Housing Finance in Kenya


Kenya has a rapidly growing real estate and housing finance sector.  As the mortgage market does not yet meet the breadth of the population who might afford a mortgage, most households still finance their housing independently, with savings or non-mortgage credit.

The lowest recorded interest rate on a mortgage in Kenya is 17.1 percent, as of September 2016, and requires at least a 10 percent down payment. There are currently 24 458 mortgages in the country, with the average mortgage size being US$ 81 717. The cheapest newly built house by a developer recorded by CAHF is US$ 15 753, which is for a 30 square metre unit. Cement prices are lower than the continental average, at US$ 7.29 for a 50-kilogram bag.

With an urbanisation rate of 4.28 percent, demand for affordable housing will remain strong, also for affordable rental. Housing microfinance will play an important role in increasing the supply of housing, and efforts to increase access should be undertaken as the current average microloan size is only US$ 197. The recently imposed cap on interest rates may adversely affect one of Africa’s most encouraging affordable housing markets, but other encouraging policy, such as a tax incentive for affordable housing developers, will likely support market growth. With a good macroeconomic environment, sound policy, better data and increased access to affordable credit, an enabled housing market can increasingly provide housing that the average Kenyan household can afford. More information on the Kenyan Government’s view on affordable housing can also be found here.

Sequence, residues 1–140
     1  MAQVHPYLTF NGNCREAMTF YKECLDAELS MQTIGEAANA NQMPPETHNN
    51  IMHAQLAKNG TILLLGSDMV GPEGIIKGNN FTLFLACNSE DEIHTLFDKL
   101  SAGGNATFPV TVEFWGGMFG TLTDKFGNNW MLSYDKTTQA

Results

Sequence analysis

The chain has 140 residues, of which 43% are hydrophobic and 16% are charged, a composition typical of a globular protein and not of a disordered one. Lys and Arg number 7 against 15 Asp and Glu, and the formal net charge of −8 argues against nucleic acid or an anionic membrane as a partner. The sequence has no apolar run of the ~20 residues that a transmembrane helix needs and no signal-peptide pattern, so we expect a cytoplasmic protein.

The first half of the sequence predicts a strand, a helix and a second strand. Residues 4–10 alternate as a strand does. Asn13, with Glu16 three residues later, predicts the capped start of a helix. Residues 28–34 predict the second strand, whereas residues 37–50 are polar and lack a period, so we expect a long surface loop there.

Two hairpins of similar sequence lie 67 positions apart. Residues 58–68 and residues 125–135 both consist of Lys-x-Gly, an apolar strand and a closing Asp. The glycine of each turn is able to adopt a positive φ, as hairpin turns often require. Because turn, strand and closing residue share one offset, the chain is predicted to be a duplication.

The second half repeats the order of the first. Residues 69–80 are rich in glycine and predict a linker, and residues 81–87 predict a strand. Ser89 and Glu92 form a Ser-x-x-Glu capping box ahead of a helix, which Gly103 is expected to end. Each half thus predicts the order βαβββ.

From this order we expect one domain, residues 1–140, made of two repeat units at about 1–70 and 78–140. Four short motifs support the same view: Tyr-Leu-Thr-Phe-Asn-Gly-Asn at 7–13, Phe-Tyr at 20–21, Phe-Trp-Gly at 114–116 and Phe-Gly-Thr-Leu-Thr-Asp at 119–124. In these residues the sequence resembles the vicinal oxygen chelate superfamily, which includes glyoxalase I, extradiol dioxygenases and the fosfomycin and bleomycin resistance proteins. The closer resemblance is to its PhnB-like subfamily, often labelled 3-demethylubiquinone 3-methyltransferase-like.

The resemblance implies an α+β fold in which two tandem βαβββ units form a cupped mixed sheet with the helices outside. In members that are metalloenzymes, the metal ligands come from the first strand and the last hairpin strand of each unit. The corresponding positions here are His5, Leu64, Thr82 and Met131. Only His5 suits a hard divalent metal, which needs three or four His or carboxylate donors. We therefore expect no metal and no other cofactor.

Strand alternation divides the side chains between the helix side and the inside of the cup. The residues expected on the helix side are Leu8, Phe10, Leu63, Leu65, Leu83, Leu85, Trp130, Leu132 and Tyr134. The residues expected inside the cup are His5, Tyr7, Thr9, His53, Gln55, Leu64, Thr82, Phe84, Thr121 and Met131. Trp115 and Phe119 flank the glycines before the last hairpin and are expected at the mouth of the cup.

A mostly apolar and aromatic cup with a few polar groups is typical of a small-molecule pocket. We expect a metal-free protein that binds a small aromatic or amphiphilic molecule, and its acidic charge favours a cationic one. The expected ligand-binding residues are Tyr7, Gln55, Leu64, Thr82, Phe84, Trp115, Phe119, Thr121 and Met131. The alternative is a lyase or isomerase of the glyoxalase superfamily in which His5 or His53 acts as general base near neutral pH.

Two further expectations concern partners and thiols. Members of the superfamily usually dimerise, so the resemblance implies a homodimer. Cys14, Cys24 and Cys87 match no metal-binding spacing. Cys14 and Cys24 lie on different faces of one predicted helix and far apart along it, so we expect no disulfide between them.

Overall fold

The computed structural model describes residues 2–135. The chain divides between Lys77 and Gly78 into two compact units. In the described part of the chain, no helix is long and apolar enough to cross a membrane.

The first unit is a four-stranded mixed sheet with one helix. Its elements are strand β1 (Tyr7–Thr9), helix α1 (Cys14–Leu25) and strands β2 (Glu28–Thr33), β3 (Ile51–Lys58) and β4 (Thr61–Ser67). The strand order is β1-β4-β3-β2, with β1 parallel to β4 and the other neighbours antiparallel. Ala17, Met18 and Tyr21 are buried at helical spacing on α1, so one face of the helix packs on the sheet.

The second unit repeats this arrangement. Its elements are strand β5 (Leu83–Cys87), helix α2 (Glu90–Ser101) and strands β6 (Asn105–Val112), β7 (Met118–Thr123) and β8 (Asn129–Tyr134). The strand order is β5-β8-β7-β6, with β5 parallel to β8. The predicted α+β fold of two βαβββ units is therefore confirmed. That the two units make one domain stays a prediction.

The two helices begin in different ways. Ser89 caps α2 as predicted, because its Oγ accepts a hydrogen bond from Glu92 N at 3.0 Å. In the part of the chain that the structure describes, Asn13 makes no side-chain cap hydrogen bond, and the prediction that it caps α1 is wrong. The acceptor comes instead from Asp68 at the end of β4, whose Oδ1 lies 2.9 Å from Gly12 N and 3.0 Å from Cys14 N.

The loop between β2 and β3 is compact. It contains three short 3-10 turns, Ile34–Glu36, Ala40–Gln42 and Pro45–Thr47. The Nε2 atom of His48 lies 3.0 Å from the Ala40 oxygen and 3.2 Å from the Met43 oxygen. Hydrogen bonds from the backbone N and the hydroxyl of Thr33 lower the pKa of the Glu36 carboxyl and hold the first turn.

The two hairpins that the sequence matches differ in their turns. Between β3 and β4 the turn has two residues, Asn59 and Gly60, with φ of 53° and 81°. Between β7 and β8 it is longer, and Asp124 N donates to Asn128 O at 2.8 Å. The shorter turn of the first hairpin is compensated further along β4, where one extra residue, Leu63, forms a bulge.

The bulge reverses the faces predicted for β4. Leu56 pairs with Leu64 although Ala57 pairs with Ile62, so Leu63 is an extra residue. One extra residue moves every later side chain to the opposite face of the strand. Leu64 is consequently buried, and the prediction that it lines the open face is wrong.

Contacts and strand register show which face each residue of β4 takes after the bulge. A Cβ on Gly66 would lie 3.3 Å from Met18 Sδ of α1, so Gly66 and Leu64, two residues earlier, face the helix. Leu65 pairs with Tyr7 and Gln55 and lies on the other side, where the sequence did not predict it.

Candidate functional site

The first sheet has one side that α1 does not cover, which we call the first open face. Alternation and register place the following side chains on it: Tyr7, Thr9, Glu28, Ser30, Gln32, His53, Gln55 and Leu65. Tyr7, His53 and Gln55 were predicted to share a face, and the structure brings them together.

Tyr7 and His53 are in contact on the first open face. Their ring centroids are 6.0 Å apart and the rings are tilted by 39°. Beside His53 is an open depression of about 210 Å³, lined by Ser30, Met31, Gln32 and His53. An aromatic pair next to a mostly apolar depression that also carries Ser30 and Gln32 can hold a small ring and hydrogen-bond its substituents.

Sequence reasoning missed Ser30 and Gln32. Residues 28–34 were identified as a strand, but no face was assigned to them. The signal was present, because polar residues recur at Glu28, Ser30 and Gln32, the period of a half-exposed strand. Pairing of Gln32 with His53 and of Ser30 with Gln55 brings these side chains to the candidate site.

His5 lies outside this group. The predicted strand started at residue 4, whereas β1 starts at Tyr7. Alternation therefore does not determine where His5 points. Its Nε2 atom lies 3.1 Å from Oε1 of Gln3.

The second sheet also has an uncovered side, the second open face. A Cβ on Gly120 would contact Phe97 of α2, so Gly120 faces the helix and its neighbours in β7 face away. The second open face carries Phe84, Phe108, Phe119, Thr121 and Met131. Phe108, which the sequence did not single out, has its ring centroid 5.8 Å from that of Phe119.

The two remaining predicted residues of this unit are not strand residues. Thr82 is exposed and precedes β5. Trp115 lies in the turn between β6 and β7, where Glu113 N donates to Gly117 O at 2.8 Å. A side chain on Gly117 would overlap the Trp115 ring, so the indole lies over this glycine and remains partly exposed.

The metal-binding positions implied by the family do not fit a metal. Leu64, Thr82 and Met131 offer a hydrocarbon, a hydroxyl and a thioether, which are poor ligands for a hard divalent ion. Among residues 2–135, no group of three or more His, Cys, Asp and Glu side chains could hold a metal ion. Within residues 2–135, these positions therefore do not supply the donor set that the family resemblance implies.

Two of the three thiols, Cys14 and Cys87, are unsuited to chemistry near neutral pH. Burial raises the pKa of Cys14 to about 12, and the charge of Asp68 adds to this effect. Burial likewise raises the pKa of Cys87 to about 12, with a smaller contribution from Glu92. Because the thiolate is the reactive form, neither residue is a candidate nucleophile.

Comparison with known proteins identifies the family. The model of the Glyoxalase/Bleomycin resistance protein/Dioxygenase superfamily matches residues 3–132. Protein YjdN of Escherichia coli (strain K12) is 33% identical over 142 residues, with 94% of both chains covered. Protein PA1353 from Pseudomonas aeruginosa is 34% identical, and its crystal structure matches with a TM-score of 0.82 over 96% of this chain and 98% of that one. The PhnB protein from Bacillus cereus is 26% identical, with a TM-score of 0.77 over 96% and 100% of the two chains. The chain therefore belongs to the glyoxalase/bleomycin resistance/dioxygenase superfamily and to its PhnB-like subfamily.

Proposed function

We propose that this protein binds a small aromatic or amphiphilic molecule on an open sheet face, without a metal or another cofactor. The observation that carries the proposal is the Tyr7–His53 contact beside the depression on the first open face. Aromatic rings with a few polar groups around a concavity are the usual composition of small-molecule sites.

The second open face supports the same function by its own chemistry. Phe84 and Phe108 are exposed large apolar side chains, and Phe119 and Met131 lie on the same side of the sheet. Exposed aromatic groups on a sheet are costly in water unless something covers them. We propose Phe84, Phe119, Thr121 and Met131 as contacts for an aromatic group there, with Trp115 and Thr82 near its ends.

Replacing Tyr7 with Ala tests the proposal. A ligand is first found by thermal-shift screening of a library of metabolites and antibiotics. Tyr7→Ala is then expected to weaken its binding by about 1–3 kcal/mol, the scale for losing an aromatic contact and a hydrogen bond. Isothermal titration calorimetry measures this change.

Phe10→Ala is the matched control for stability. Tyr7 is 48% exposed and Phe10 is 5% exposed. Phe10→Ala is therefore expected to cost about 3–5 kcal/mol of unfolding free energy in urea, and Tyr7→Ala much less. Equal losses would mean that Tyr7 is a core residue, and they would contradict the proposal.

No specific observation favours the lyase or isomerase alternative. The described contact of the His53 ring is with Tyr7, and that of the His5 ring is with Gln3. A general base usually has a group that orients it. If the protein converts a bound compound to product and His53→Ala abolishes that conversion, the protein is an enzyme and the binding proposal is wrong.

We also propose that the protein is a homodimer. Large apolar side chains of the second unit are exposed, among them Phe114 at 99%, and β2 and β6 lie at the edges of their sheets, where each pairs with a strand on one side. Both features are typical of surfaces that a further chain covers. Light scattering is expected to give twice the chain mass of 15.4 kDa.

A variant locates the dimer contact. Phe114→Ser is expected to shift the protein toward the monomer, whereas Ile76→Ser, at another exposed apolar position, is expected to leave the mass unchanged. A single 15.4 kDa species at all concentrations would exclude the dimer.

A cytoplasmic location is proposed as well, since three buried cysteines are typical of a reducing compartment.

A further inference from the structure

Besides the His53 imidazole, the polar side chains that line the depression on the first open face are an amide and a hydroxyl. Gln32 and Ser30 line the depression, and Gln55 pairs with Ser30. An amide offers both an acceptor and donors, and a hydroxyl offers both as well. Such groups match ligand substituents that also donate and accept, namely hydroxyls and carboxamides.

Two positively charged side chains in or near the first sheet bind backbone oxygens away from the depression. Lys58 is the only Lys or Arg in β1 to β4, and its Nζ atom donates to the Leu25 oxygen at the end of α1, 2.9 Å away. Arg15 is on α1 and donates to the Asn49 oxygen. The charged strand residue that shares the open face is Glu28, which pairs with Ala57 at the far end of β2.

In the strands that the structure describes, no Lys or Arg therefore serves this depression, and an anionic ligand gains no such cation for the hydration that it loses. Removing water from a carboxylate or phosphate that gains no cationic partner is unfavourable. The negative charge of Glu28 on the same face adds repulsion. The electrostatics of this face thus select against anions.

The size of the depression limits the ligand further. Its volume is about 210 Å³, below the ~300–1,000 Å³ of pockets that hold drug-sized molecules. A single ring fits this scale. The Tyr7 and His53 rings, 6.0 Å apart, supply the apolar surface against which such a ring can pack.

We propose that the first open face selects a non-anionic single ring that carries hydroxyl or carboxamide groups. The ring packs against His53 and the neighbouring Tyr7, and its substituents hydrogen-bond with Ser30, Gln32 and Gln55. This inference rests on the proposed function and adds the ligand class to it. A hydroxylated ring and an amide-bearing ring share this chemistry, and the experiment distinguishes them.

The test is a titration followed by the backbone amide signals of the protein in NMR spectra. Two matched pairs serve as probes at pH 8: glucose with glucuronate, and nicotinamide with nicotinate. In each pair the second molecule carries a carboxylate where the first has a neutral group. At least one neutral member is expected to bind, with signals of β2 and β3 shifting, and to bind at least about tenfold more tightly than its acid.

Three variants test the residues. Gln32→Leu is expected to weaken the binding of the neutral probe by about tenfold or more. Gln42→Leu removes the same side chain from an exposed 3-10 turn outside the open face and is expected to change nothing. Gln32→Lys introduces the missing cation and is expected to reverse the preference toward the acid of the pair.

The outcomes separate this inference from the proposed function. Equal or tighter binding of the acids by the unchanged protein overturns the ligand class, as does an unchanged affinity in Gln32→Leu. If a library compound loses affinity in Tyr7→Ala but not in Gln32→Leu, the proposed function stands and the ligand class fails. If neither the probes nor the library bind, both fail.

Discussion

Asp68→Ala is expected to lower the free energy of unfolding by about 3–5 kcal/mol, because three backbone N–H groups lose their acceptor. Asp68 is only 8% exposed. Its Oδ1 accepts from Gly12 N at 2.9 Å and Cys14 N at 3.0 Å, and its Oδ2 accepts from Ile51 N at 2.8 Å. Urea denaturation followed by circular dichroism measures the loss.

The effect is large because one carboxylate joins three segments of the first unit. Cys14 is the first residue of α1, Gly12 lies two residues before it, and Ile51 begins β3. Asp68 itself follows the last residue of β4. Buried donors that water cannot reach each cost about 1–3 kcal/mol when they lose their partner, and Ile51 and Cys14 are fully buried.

Find out more information on the housing finance sector of Kenya, including key stakeholders, important policies and housing affordability:

Each year, CAHF publishes its Housing Finance in Africa Yearbook. The profile above is from the 2017 edition, which has up-to-date profiles for 54 African countries.

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